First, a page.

Calais - Rome - which way?

08/01/2013 - 08:34

Hello,I am driving from the UK to Rome in August - probably through Dover-Calais.Which route to people recommend? The shortest appears to be through France which I assume is the way the SatNav would take me? However, there are tolls on France.Do people avoid the tolls by going through Germany?Thanks,Iain.



Standard Answer from meDover - Dunkirk [DFDS] is usually cheapestCalais -Dunkirk, Lille - into Belgium - Charleroi, Namur, and on to Luxemburg - all toll free motorway. Fill up with petrol in Luxemburg [at services entering or leaving the country - cheapest on your route. Then toll free motorway to Metz, Nancy and towards Colmar [becomes single carriageway for part ner Colmar]. Toll free motorway from Colmar to Mulhouse, then over to Germany and down towards Basle.  Take turning off to Lorrach to avoid Basle [can be bad]  So far, still no charges Travel through Switzerland needs a vignette  - about 35 Euros [I think] at the services on the German motorway [at Bad Bellingen] - but thats the only charge [vignette lasts one calendar year - actually Dec to January (14 months)]Through Gotthard Tunnel [no charge] and down into Italy and on to Italian autostrada and toll charges Good luck

Probably nearer 100Km, if that - but you save a ton in toll charges and time paying toll charges (plus border queues [if you go through Basel), so the overall time diifference won't be massive.  Plus cheap petrol.Still its up to you  [and the route planner you use]

Not too badThe Gotthard Tunnel is always open, and the Swiss keep the motorways pretty clear.The only real problem area might be in France, on the 'non dual carriageway' between Nancy and Colmar, when, if it is snowy,  it might pay to do a bit of autoroute [with tolls] from Metz to Strasbourg, but you could decide at the last minute, depending on weather and road conditions

Avoiding ColmarIf the problem is fog/rain at night, then probably the best bet is to drive up to Strasbourg, avoiding Colmar and the cross mountain roads,  [probably on the German motorway] and then pay to use the autoroute from Strasbourg to Metz. It will cost about 13 Euros, but would be worth it for the peace of mind. This site -   gives an idea of autoroute toll charges

most of all the above is true.Personally i always drive thru Germany not only or because there are no tolls but because of that there are many exits which allows one to break the journey very easily and stay in very clean reasonably priced hotels/gasthaus etc.Plus if they're not digging up the autobahns again one can drive very fast on numerous parts of the motorway which i like.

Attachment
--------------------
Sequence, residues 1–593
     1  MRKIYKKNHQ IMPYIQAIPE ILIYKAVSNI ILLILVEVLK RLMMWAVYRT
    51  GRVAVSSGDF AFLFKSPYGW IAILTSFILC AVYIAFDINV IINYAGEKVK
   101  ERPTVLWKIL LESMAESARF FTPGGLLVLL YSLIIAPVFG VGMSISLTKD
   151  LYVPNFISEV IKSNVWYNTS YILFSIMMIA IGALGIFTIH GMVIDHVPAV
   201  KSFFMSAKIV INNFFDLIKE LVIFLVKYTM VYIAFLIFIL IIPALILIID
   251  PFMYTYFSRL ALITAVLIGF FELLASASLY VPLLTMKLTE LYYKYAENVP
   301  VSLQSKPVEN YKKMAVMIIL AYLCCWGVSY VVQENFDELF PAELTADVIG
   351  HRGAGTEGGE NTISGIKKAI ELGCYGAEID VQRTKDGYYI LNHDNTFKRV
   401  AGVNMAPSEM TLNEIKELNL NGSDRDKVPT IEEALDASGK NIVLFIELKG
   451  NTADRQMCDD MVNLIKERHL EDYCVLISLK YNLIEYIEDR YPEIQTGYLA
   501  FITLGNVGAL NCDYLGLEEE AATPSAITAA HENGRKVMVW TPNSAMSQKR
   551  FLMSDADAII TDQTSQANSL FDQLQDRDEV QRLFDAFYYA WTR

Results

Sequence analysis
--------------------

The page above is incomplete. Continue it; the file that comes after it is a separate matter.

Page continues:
Careful ........."Or go via the Colmar tunnel instead of over the col. Not toll-free but it's cheap and gets you out near St Die and on to the good road to Nancy"The only problem with this route is that the roads to/from the tunnel, [[the roads here aren't that good], are just as likely to be affected by the 'bad weather' that worried 'tonys'

The only problem with this route is that the roads to/from the tunnel, [[the roads here aren't that good], are just as likely to be affected by the 'bad weather' that worried 'tonys'Maybe it's a while since you went that way - the N59 is a very good road at both ends of the tunnel. You don't have to take the minor roads into Colmar itself as the route out to the motorway is only a little more in kms, but less in time.I think the charm of this area is that there are so many options - one time I chose to go via the tunnel, it happened to be shut for maintenance - the diversion gave me a different route over the top which made a nice change from the usual Col du Bonhomme route. 

Thanks for the input especially Alan h, I think paying 13 euro's with hindsight would have been very sensible and going through Strasbourg.

As a matter of interest what is the difference going through epinal instead of colmar? Is it less mountainous?

Route through EpinalHave done it many times [until we found the Colmar option]We think Colmar route is easier.  Its a beautiful drive over the mountains on the Epinal route, but the approach to Mulhouse is a long drag through built up areas/villages, and is relatively slow, and pretty boring.I think there are more overtaking oppportunities on the Colmar option, and there seem to be less trucks than on the Epinal route

Winter Tyres, I have never used them on the route.  The roads are 'always' kept clear of snow.Winter tyres are not a legal requirement, but they are 'recommended'. From Swiss Federal website;- in SwitzerlandIt is not mandatory but highly recommended to equip your car with winter tires between November and April. Your liability might increase should you be involved in a snow induced accident with a car not equipped with winter tires.However, if you drive on roads where snow chains are required, you have to mount chains on at least two driven wheels, even if your car has an active four-wheel drive.You are allowed to drive vehicles up to 3.5 tons with spikes between November 1 and April 30. Your car will require a sticker on the back indicating that you are using tires with spikes. The maximum speed for cars with spikes is 50 km on main roads and 80 km/h on national highway. You are not allowed to drive on highways (exceptions: Thusis – San Bernadino Tunnel – Mesocco, Göschenen – Gotthard Tunnel – Airolo).Alan